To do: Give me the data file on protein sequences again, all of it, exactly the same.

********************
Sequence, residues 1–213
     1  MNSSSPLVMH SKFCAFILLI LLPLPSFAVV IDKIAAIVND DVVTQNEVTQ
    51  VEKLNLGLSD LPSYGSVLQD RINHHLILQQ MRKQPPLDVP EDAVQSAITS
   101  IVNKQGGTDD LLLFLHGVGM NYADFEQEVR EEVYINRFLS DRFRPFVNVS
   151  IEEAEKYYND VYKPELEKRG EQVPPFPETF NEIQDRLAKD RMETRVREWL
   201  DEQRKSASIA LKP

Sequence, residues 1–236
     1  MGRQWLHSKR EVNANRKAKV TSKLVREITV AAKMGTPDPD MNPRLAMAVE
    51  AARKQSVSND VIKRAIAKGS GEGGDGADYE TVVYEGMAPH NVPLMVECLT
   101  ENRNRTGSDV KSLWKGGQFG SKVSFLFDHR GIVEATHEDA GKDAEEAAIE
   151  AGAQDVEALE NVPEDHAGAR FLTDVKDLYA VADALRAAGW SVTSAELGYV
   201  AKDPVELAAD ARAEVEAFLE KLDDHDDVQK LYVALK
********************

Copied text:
Sequence, residues 1–213
     1  MNSSSPLVMH SKFCAFILLI LLPLPSFAVV IDKIAAIVND DVVTQNEVTQ
    51  VEKLNLGLSD LPSYGSVLQD RINHHLILQQ MRKQPPLDVP EDAVQSAITS
   101  IVNKQGGTDD LLLFLHGVGM NYADFEQEVR EEVYINRFLS DRFRPFVNVS
   151  IEEAEKYYND VYKPELEKRG EQVPPFPETF NEIQDRLAKD RMETRVREWL
   201  DEQRKSASIA LKP

Sequence, residues 1–236
     1  MGRQWLHSKR EVNANRKAKV TSKLVREITV AAKMGTPDPD MNPRLAMAVE
    51  AARKQSVSND VIKRAIAKGS GEGGDGADYE TVVYEGMAPH NVPLMVECLT
   101  ENRNRTGSDV KSLWKGGQFG SKVSFLFDHR GIVEATHEDA GKDAEEAAIE
   151  AGAQDVEALE NVPEDHAGAR FLTDVKDLYA VADALRAAGW SVTSAELGYV
   201  AKDPVELAAD ARAEVEAFLE KLDDHDDVQK LYVALK